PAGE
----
A bill that just passed the Washington State Senate and is scheduled for a hearing in the House today would help veterans like the late Dean Gehring, a longtime Port Orchard resident, qualify for special Prisoner of War license plates.
According to his family, Gehring — who passed away last November at 78 — had tried for years to get one of the plates, but did not meet Washington state requirements.
During his service in the Korean War, Gehring was captured in enemy territory and held in a shack for two days before he managed to escape. However, he did not qualify for a POW license plate for his car because the current law requires that a prisoner be held at least 29 days, according to Sen. Derek Kilmer, (D-Gig Harbor), who is sponsoring the bill.
Kilmer became involved when Gehring’s granddaughter, Port Orchard resident Shandra White, approached him for help.
White, 33, said she promised her grandfather in his last days that she would “get this done,” explaining that she wanted to continue his fight to change the requirements because “he was my grandfather and he’s a hero.”
So White e-mailed Sen. Kilmer and “asked him what we could do. And he got back to me in just a few hours, and has been really, really helpful. He has kept me informed of the whole process.”
“It just seemed so obvious to me that we needed a change in the regulations to allow people like Dean to have their service and sacrifice recognized, so I told his family that we would get that law changed,” said Kilmer, who sponsored Senate Bill 6237 to modify the eligibility criteria for the special plates.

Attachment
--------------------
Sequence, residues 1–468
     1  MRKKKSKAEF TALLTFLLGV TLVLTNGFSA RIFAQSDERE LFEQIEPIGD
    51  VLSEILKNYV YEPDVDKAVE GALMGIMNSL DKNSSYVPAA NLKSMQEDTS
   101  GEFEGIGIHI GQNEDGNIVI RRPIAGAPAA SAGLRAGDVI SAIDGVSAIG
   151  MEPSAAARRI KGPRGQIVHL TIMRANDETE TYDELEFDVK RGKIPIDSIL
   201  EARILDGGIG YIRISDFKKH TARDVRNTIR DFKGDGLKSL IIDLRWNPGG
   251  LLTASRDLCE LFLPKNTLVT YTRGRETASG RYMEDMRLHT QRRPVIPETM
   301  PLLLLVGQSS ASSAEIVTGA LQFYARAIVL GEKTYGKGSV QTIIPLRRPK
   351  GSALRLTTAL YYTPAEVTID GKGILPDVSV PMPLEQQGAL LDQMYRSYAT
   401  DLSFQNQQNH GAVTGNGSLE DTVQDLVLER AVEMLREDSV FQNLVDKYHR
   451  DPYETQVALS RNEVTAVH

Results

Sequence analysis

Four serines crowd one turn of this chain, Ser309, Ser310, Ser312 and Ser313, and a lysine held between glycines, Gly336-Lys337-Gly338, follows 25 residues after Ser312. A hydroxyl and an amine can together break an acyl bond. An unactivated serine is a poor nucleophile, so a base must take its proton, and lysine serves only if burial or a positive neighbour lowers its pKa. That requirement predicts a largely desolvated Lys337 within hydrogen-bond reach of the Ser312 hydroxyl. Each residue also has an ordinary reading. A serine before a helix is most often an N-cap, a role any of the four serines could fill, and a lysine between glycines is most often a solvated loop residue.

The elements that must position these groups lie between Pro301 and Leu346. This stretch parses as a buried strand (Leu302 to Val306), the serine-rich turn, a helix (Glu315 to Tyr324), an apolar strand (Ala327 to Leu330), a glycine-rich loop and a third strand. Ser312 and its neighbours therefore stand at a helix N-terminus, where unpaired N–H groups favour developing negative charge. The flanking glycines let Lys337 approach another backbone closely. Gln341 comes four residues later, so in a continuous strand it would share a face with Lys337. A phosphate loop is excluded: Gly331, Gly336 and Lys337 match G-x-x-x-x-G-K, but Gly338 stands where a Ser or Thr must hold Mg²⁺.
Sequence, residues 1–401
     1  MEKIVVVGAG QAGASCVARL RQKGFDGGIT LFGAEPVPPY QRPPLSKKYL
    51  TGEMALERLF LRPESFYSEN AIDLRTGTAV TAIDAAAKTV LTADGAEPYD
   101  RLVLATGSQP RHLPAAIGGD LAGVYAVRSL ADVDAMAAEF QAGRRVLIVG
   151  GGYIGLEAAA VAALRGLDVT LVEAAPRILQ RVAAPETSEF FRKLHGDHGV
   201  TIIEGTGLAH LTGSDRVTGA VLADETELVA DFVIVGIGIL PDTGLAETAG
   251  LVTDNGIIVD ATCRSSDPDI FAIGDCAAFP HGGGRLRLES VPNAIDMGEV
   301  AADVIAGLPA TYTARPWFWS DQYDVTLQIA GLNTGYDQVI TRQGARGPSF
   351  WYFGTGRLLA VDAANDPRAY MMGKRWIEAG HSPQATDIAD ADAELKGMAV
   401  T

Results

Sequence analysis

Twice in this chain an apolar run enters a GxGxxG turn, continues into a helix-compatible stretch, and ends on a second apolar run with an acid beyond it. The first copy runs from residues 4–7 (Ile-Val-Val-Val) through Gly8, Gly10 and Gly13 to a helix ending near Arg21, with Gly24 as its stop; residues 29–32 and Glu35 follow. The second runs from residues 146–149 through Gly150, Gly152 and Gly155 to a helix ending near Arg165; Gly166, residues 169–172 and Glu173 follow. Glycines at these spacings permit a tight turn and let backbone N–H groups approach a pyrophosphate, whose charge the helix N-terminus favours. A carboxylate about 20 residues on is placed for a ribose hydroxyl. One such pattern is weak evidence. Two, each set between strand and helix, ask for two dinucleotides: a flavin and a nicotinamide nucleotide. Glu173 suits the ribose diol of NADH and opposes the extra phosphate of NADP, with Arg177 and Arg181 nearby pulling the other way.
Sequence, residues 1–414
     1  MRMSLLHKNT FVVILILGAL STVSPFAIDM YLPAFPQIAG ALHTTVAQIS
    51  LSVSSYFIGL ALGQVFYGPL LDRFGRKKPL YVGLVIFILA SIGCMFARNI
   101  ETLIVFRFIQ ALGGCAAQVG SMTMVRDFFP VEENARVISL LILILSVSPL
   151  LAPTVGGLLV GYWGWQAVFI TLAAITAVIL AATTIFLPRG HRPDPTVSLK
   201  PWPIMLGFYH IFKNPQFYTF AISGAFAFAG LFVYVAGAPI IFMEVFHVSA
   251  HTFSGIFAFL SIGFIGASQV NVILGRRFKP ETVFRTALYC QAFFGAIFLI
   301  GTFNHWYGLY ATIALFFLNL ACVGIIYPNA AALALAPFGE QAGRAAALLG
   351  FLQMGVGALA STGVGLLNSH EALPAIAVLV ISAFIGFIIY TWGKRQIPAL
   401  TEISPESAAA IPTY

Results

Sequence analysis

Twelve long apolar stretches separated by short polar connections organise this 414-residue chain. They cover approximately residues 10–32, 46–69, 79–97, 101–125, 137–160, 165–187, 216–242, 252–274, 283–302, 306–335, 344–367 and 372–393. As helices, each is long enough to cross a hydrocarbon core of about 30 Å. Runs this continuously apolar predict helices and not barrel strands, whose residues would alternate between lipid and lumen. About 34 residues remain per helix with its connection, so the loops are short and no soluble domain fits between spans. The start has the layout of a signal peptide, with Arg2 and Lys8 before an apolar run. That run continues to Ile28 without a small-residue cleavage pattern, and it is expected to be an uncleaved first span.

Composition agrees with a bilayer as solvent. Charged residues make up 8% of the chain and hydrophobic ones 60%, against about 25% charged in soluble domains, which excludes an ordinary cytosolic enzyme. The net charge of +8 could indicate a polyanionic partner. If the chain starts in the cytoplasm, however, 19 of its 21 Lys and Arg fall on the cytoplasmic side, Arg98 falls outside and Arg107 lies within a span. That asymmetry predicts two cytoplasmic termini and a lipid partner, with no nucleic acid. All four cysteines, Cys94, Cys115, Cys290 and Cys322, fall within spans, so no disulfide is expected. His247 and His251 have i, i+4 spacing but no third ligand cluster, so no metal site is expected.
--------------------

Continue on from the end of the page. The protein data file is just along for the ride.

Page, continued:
The change proposed by Kilmer will modify the regulations so that any veteran that was held captive and received a prisoner of war medal would be eligible for a POW plate.
“Even if you’re held for one day, you’re a prisoner,” said Port Orchard resident Sue Gehring, Dean’s sister-in-law.
On Feb. 19, the bill passed the senate unanimously with 48 “yes” votes. Its first reading before the House Transportation Committee was scheduled for last Thursday, and a public hearing is scheduled before the committee for Wednesday.
Gehring said she is glad the bill passed the Senate and may soon become law, even if it did not come soon enough for her grandfather.
“It would have been nice if he would have been able to get one, but I know he’s watching and he’s proud,” she said. “The big thing is getting the law changed.”